Ohio

Eye on Education

Grading the Teachers: Why We’re Publishing Teachers’ Value-Added Ratings

Cleveland Plain Dealer Editor Chris Quinn (left) and Idesatream Editor David Molpus explain why their outlets are publishing these ratings.

The Plain Dealer, Ideastream

Cleveland Plain Dealer Assistant Managing Editor Chris Quinn (left) and WCPN Ideastream Executive Editor David Molpus says it's important for the public to understand value-added ratings.

Is your son’s math teacher a good one? How about your daughter’s reading teacher?

You used to have to depend on the parent grapevine to find out. Now there’s another source.

The state’s new value-added ratings offer a look at the performance of individual teachers, based on whether their students make the expected academic progress during the school year — as calculated solely by scores on the Ohio Achievement Assessments. The state gives math and reading teachers in fourth through eighth grades one of five value-added ratings, ranging from “Most Effective” to “Least Effective.”


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This series about valued-added, a new way that Ohio is using to measure whether teachers provide a year’s worth of learning to their students, is the result of a partnership between The Cleveland Plain Dealer and StateImpact Ohio. StateImpact reporters Molly Bloom and Ida Lieszkovszky worked with Plain Dealer reporter Patrick O’Donnell and Plain Dealer data analysis editor Rich Exner to produce these stories.

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Data

The Cleveland Plain Dealer and StateImpact Ohio are making the ratings for some teachers in the state’s pilot value-added program available on their websites.

Not all teachers are listed. The state started calculating value-added for close to 6,300 teachers in the 2010-11 school year and increased that to more than 16,000 for 2011-12, before doing it for all reading and math teachers in grades four through eight after this upcoming school year.

Our database includes only the 4,200 teachers who have two years of scores, because those scores can vary from year to year. The ratings listed use a composite score, reflecting teachers’ performance over two years.

Public release of value-added ratings in other states has drawn sharp criticism. Teachers protested when the Los Angeles Times independently calculated and published value-added scores in 2010. The New York Times drew similar howls last year when it sued New York City for access to the district’s teacher value-added ratings and published them.

Critics called the release an invasion of teacher privacy and complained that unreliable results could place an unfair stigma on low-scoring teachers. They also argued that making scores public would make teachers defensive and damage schools’ ability to use the scores to improve teaching.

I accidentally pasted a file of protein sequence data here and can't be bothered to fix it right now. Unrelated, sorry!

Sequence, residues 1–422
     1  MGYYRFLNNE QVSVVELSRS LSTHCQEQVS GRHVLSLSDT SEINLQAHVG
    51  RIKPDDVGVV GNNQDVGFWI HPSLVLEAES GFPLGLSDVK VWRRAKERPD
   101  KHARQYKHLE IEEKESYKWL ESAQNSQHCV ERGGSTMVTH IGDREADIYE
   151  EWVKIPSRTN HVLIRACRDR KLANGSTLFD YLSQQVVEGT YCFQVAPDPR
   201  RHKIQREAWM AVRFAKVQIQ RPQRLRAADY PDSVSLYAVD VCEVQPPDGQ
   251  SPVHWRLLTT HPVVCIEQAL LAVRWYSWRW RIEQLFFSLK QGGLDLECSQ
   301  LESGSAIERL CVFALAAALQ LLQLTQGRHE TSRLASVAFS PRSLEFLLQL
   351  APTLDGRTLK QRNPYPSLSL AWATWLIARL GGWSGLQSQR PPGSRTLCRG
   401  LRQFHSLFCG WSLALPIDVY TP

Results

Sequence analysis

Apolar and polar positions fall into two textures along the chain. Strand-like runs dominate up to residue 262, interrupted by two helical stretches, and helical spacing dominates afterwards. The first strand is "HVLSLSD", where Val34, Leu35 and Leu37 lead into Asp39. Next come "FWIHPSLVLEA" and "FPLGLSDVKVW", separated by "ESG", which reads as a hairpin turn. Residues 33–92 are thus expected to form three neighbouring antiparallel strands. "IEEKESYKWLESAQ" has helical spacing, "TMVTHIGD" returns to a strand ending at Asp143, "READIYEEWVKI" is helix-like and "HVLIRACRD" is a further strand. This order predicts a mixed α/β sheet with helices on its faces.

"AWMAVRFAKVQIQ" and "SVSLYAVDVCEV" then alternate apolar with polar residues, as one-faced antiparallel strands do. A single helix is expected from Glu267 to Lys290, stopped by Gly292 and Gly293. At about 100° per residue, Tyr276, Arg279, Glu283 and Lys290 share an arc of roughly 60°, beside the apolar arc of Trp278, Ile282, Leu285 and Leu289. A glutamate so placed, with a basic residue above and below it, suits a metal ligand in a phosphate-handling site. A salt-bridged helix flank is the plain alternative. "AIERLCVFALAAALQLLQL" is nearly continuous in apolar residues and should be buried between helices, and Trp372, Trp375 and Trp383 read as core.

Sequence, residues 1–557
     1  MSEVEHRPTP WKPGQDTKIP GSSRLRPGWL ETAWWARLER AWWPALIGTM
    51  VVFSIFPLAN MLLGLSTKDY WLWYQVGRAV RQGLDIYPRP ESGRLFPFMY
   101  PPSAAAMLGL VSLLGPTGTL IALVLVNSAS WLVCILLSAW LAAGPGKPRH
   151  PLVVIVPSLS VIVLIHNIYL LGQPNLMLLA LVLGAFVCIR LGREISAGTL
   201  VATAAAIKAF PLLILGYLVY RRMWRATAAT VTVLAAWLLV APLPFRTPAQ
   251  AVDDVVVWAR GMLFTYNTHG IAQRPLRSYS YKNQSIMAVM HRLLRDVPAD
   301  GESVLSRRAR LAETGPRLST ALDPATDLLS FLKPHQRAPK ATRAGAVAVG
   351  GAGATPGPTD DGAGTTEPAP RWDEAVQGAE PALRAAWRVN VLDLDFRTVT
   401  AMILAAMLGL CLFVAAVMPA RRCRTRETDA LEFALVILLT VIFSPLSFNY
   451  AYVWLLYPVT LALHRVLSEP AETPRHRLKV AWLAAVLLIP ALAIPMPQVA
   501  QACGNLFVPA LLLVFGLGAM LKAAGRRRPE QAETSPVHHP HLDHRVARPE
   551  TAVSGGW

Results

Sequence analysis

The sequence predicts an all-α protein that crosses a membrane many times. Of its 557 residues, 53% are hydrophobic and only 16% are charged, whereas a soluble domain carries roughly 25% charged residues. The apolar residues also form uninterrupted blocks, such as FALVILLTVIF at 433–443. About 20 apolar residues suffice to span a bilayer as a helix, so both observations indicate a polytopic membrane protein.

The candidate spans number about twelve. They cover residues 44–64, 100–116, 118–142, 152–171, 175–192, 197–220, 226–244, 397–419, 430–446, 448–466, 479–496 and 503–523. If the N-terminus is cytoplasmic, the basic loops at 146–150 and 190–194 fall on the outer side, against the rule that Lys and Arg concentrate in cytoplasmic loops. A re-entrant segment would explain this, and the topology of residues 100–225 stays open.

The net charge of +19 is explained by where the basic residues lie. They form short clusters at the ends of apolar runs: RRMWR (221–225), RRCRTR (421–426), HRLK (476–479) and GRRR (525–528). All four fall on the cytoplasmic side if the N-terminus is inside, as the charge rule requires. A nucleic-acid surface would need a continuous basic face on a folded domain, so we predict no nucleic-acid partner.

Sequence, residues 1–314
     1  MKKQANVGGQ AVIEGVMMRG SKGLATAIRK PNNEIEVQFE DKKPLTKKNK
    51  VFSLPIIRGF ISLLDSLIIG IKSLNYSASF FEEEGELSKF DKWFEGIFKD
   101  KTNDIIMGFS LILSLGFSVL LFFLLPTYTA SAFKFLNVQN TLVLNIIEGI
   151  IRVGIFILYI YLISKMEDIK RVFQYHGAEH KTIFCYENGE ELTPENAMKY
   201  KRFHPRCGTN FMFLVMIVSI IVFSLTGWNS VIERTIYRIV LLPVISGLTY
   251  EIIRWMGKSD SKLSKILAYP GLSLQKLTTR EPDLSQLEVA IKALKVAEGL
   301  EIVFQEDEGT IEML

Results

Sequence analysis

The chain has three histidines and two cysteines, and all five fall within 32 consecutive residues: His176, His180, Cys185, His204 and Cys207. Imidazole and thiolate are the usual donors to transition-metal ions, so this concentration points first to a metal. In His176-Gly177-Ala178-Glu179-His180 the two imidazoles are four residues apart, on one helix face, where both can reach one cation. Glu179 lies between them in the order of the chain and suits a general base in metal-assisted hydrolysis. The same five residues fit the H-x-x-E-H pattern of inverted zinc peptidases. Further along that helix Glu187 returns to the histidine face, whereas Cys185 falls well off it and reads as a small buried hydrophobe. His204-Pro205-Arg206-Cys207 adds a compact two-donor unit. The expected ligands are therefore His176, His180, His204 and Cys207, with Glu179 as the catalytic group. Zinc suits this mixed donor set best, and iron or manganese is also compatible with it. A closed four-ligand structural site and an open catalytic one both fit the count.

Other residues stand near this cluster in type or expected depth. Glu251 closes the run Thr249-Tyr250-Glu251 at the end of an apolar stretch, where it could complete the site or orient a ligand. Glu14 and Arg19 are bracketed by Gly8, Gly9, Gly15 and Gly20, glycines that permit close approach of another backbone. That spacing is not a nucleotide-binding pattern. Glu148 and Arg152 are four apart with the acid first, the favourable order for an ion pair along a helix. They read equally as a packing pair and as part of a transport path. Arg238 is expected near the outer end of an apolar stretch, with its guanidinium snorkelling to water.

Teachers in Ohio are often anxious about their scores appearing in public.

“It’s scary to think that they’re going to start publishing these in the newspaper,” said Alesha Trudell, who teaches fourth-grade language arts and social studies at Hilltop Elementary in Beachwood. “You know they’re going to say your name and it’s going to put this stigma out to the community that ‘Oh look, she was Most Effective one year and now she’s not so effective.’”

Plain Dealer and StateImpact editors said they considered those concerns but decided it was more important to provide information — even if flawed — to help parents understand their children’s education and for the public to better understand a measure increasingly used by the state and school districts.

Plain Dealer Assistant Managing Editor Chris Quinn said there are several reasons to make the ratings available.

“One is that state lawmakers created the value-added system to come up with a better way to assess teachers, to give the residents of the state better accountability,” he said. “Another is that tax dollars are used to compile the ratings, meaning the people of Ohio have paid for this.

“My caution to readers and listeners would be, as Ohio education officials have said, these scores are only a part of the criteria necessary for full and accurate evaluation of an individual teacher.”

–David Molpus, WCPN Ideastream

“Finally, it seems like common sense,” Quinn continued. “Any parent sending a child off to school wants to know everything possible about what is ahead for that child. If public information exists about the quality of a teacher, who are we to deny that information to the parent?”

David Molpus, executive editor of WCPN Ideastream, which manages StateImpact Ohio, said that listing the ratings along with the jointly produced three-day series of articles about the measure helps the public evaluate teachers — and the evaluation process.